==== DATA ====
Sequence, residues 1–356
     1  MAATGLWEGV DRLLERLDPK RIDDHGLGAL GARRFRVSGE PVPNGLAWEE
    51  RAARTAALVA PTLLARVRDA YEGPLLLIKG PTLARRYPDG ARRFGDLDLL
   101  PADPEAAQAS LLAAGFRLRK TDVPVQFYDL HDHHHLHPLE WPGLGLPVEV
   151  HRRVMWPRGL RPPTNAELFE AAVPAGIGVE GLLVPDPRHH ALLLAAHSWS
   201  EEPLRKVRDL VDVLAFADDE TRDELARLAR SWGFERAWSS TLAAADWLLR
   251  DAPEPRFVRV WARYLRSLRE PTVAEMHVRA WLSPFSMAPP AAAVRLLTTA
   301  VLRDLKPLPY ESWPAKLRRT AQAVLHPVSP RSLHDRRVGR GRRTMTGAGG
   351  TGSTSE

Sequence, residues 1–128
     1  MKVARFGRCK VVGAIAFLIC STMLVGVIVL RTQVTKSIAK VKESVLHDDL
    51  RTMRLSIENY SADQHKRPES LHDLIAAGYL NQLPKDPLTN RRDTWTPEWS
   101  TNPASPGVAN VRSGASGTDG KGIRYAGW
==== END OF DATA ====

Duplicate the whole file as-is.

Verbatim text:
Sequence, residues 1–356
     1  MAATGLWEGV DRLLERLDPK RIDDHGLGAL GARRFRVSGE PVPNGLAWEE
    51  RAARTAALVA PTLLARVRDA YEGPLLLIKG PTLARRYPDG ARRFGDLDLL
   101  PADPEAAQAS LLAAGFRLRK TDVPVQFYDL HDHHHLHPLE WPGLGLPVEV
   151  HRRVMWPRGL RPPTNAELFE AAVPAGIGVE GLLVPDPRHH ALLLAAHSWS
   201  EEPLRKVRDL VDVLAFADDE TRDELARLAR SWGFERAWSS TLAAADWLLR
   251  DAPEPRFVRV WARYLRSLRE PTVAEMHVRA WLSPFSMAPP AAAVRLLTTA
   301  VLRDLKPLPY ESWPAKLRRT AQAVLHPVSP RSLHDRRVGR GRRTMTGAGG
   351  TGSTSE

Sequence, residues 1–128
     1  MKVARFGRCK VVGAIAFLIC STMLVGVIVL RTQVTKSIAK VKESVLHDDL
    51  RTMRLSIENY SADQHKRPES LHDLIAAGYL NQLPKDPLTN RRDTWTPEWS
   101  TNPASPGVAN VRSGASGTDG KGIRYAGW